What Are the Different Types of Computer Software Support?

Malcolm Tatum
Malcolm Tatum

Computer software support is a type of ongoing client support that provides customers with assistance in making use of different types of computer programs. Typically, this type of activity will involve assisting clients with everything from choosing the right software for their needs, assisting with downloads and upgrades to certain applications, and in general being available to aid customers when something to do with the software causes concern or confusion. Computer software support is often provided by companies who produce and manufacture software products, but may also be managed in-house by an information technology team.

Consumers will often have access to support personnel who are able to help with the issues that may arise.
Consumers will often have access to support personnel who are able to help with the issues that may arise.

Several different strategies are commonly employed as part of an overall computer software support effort. Businesses will often make use of printed resources that come with the software to aid consumers in troubleshooting basic issues that may inhibit the proper function of the software. It is also common for software companies to include this type of information online, sometimes with visual presentations as well as step-by-step tutorials. As a final component, consumers will often have access to support personnel who are able to help with the issues that may arise.

The idea behind computer software support is to make sure that clients get the most from the software applications they choose to purchase. To this end, software manufacturers will typically provide easy access to support personnel who can aid in the installation and implementation of new programs. It is not unusual for a large manufacturer to create teams of people who focus on either business applications or software designed for home use. When and as customers have questions or operational issues with the software, they have the option of using tutorials or other resources on the manufacturer’s website to find the answers they seek, or to interact with support personnel via an online chat, email, or even by telephone.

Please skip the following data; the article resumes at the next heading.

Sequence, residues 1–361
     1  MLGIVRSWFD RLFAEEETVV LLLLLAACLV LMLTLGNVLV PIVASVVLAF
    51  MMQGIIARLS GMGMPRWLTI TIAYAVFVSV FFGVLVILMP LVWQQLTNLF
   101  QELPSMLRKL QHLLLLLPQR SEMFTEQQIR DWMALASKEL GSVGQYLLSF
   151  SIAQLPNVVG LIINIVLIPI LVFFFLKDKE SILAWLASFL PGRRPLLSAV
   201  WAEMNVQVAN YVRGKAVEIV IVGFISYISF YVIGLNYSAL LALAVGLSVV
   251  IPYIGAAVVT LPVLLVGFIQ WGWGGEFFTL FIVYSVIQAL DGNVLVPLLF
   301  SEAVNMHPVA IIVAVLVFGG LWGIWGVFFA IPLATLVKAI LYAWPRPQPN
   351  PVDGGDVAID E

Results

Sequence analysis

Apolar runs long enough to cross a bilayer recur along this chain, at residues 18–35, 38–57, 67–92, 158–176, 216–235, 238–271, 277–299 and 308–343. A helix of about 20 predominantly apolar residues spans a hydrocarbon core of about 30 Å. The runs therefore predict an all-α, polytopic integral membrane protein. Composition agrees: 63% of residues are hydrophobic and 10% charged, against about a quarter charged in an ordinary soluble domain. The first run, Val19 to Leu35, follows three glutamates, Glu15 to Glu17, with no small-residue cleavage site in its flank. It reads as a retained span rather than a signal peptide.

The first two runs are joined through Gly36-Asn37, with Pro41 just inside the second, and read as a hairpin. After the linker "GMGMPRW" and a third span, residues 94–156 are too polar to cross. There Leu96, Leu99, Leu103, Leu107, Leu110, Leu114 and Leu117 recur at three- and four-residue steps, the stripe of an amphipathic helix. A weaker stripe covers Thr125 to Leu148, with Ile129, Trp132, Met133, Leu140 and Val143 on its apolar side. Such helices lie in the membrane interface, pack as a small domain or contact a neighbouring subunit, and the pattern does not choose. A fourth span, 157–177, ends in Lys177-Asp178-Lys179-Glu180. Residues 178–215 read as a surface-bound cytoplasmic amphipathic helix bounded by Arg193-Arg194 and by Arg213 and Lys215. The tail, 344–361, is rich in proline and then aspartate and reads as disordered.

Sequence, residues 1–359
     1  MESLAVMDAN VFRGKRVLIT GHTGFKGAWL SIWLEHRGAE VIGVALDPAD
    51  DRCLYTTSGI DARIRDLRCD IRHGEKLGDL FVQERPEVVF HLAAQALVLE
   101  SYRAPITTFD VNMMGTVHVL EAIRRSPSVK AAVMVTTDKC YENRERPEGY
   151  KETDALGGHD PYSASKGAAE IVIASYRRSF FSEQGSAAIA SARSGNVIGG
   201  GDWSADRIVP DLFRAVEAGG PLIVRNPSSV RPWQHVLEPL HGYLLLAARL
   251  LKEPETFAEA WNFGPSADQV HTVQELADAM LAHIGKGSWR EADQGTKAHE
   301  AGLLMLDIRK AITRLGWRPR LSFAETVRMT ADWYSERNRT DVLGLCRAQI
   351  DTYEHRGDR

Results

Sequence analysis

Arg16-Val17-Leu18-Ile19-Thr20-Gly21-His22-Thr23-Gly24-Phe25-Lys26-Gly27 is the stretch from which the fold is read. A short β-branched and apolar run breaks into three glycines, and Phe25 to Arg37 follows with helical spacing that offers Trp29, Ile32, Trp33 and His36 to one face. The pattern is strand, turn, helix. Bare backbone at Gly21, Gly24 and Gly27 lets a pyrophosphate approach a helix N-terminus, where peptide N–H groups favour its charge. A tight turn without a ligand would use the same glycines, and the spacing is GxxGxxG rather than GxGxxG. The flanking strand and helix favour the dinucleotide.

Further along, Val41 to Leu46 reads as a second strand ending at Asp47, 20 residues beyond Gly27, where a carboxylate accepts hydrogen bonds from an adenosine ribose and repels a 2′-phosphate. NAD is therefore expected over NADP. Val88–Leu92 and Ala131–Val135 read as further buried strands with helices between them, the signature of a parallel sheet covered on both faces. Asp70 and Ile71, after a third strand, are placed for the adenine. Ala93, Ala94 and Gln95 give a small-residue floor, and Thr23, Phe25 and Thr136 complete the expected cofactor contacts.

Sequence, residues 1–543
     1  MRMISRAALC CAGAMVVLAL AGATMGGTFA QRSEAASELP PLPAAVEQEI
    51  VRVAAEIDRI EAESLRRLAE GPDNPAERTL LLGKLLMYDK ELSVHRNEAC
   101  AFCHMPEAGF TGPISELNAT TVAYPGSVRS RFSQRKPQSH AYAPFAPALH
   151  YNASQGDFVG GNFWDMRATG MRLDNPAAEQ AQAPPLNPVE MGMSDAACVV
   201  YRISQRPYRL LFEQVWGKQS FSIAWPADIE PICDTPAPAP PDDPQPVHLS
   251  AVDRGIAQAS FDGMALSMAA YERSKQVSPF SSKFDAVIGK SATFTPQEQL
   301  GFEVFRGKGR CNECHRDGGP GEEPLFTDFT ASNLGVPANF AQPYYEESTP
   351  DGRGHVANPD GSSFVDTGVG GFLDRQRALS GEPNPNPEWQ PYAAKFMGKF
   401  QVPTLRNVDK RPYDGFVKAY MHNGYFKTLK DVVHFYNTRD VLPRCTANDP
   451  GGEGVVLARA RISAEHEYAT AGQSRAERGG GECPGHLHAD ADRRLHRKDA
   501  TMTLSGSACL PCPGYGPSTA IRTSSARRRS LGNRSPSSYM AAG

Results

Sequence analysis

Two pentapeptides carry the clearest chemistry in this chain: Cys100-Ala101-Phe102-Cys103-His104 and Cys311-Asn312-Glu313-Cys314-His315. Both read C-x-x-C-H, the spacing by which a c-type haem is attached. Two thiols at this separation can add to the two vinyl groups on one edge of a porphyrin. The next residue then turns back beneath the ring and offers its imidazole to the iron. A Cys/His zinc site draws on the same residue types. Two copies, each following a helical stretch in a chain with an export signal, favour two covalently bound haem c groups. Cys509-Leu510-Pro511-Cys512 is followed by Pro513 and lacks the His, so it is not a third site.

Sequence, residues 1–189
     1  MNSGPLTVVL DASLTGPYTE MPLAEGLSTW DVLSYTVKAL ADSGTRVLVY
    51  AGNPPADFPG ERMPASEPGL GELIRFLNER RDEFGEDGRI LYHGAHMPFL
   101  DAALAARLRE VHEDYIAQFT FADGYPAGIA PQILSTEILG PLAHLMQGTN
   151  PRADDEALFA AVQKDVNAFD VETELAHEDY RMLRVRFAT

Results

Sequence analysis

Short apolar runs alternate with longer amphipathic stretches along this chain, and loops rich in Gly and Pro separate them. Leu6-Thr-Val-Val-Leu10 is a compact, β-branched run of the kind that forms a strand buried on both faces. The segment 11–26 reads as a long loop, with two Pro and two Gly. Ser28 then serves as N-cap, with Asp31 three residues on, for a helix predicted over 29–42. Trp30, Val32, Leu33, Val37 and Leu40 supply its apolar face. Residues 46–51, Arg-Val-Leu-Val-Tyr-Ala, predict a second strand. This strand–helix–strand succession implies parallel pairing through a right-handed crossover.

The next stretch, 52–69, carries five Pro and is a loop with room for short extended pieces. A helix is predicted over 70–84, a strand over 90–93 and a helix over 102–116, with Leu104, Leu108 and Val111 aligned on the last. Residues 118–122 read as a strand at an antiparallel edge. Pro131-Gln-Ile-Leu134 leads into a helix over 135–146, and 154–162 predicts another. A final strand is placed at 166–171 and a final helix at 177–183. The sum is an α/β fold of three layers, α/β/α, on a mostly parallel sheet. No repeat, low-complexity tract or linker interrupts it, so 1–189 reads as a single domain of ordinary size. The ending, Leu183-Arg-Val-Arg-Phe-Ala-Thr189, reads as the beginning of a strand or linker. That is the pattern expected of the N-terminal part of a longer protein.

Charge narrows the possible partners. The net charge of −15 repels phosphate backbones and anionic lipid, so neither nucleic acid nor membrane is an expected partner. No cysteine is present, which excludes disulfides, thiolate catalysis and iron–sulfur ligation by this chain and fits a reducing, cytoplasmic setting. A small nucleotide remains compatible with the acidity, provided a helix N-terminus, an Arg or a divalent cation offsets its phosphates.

Computer software support is also offered by the information technology teams within a work environment. Members of the team undergo instruction provided by software manufacturers to become proficient in dealing with any issues that can arise with different types of software. When this is the case, these certified experts can troubleshoot a software program, making it possible to keep the total amount of downtime incurred to a minimum and allow the employee to move forward with the tasks he or she has planned for the workday.

Malcolm Tatum
Malcolm Tatum

After many years in the teleconferencing industry, Michael decided to embrace his passion for trivia, research, and writing by becoming a full-time freelance writer. Since then, he has contributed articles to a variety of print and online publications, including EasyTechJunkie, and his work has also appeared in poetry collections, devotional anthologies, and several newspapers. Malcolm’s other interests include collecting vinyl records, minor league baseball, and cycling.

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Discussion Comments


@Melonlity -- The chances of a hacker exploiting one of those remote access programs are rare, but there are some things you can do to make sure.

Keep in mind that those programs take seconds to download and install and a lot of IT support types are used to waiting for someone to go through that process. That being the case, there is nothing in the world wrong with simply uninstalling the remote access program after it is used.

Again, you will probably be safe with one of those sitting on your hard drive. If you are worried, however, it is simple to take care of the problem. Once the IT pro is done with the program, simply uninstall it.


One kind of revolution that has taken place in the world of computer software support has to do with the ability of techs to help people online. There are programs out there that allow IT support folks to log in directly to users' computers and fix what is wrong.

That is a far cry from the old days when a computer consultant would have to walk someone through sometimes highly technical steps to fix problems. The only problem with that is that someone has to install a program to allow remote access and I do wonder if that is something that hackers can exploit.

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